Upgrade paths vary depending on the edition of Windows installed. It is recommended that the OS is upgraded with like-to-like editions. Upgrading to an elevated edition requires the use of an activation key. Also, be aware of the recommendations to upgrade to newer versions of the current version before upgrading to Windows 10. For example, before upgrading to Windows 10 from Windows 8, it is recommended that the OS is first upgraded to Windows 8.1.

In-Place Upgrade

An in-place upgrade is a straight upgrade from the current edition to the latest edition as long as system requirements are met.

Microsoft Command-Line Tools

Microsoft command-line tools are command lines specific to Microsoft operating systems. You will need to know the appropriate command-line tool when given a scenario.

Navigation using the command line allows the user to navigate the file system using predetermined commands.

cd—The cd command allows the user to change directories and is shorthand for the chdir command.

dir— The dir command allows the user to view a listing of files and folders/subdirectories in a directory.

md—The md command allows the user to make a directory and is shorthand for the mkdir command.

rmdir— The rmdir command allows the user to delete directories. The rd command is shorthand for this.

Drive Navigation Inputs

The cd command allows for navigation within the current drive. To navigate to another drive, you may use the drive letter followed by a semicolon command.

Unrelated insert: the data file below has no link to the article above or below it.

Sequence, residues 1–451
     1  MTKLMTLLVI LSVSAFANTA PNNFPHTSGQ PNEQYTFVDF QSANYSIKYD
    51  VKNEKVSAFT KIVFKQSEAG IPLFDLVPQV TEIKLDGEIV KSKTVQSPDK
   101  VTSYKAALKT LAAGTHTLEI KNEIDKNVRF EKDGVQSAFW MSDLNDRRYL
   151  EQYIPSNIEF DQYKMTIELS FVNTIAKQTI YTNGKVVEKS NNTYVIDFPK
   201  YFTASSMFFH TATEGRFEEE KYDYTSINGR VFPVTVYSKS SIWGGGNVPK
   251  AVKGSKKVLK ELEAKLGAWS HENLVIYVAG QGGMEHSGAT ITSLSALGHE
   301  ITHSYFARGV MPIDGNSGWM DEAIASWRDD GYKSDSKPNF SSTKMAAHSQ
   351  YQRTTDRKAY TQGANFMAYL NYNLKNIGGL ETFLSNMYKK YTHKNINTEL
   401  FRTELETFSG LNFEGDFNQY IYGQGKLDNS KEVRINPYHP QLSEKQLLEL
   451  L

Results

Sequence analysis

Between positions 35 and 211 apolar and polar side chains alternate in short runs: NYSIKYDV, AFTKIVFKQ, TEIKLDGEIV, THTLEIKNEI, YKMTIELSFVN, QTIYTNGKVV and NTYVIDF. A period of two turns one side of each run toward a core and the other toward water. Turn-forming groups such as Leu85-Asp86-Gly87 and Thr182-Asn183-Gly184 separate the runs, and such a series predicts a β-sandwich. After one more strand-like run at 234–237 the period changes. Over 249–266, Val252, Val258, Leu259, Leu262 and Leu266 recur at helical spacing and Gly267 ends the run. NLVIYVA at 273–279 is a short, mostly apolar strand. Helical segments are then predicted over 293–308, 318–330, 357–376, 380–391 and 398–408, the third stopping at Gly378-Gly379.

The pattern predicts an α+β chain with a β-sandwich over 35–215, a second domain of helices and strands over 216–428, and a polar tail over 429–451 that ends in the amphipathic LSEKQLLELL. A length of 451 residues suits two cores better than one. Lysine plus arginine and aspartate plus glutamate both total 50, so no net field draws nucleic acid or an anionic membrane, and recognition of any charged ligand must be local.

• C— Changes to C drive
  • D— Changes to D drive
  • x— Changes to X drive

Command-Line Tools

Command-line tools can also be used for numerous other functions, such as testing or tracing network connectivity or paths. You should be familiar with common command-line tools.

ipconfig— The ipconfig command is used to display basic connectivity information, such as the IP address, subnet mask, and default gateway. This command is highly useful in diagnosing network issues.

ping—The ping command is used to verify network connectivity by sending an Internet Control Message Protocol (ICMP) packet to a specified address, such as the default gateway.

hostname—The hostname command is used to pull up the identity of the computer the Command Prompt is open on.

netstat— The netstat command is used to display all the listening and established connections on the host network.

nslookup—The nslookup command is used to verify DNS addresses. This command can be used for inline query or interactively.

chkdsk—The chkdsk command is used to view information about the hard disk, including the creation and viewing of reports, as well as to correct file system problems and disk errors.

net user—The net user command is a subcommand used to list all local accounts on the host system.

net use—The net use command is used to map drive letters to network shares.

tracert—The tracert command is used to show the path a packet takes on a network to arrive at a specified destination.

format— The format command is used to remove data from disks and prepare disks for new use.

xcopy—The xcopy command is used to copy folders and files.

copy—The copy command is used to copy specified files.

robocopy—The robocopy command is used to copy files while keeping permissions intact.

gpupdate—The gpupdate command is used to update group policies.

gpresult—The gpresult command is used to view the report/values of the Resultant Set of Policy (RSoP) for a remote user and the users’ computer.

shutdown—The shutdown command can be used for scheduling a complete shutdown or a restart remotely or locally.

sfc—System File Checker, or the sfc command, is a utility command that verifies and checks the version of the file system on the computer.

[command name]/?—The /? command is used to provide help for a specified command.

diskpart—The diskpart command is a tool for managing disks, partitions, and volumes.

pathping—The pathping command is a mixture of the tracert and ping commands.

winver—The winver command is used to Windows version information in a GUI dialog box. Version information provided includes the current version, the build number, and licensing information.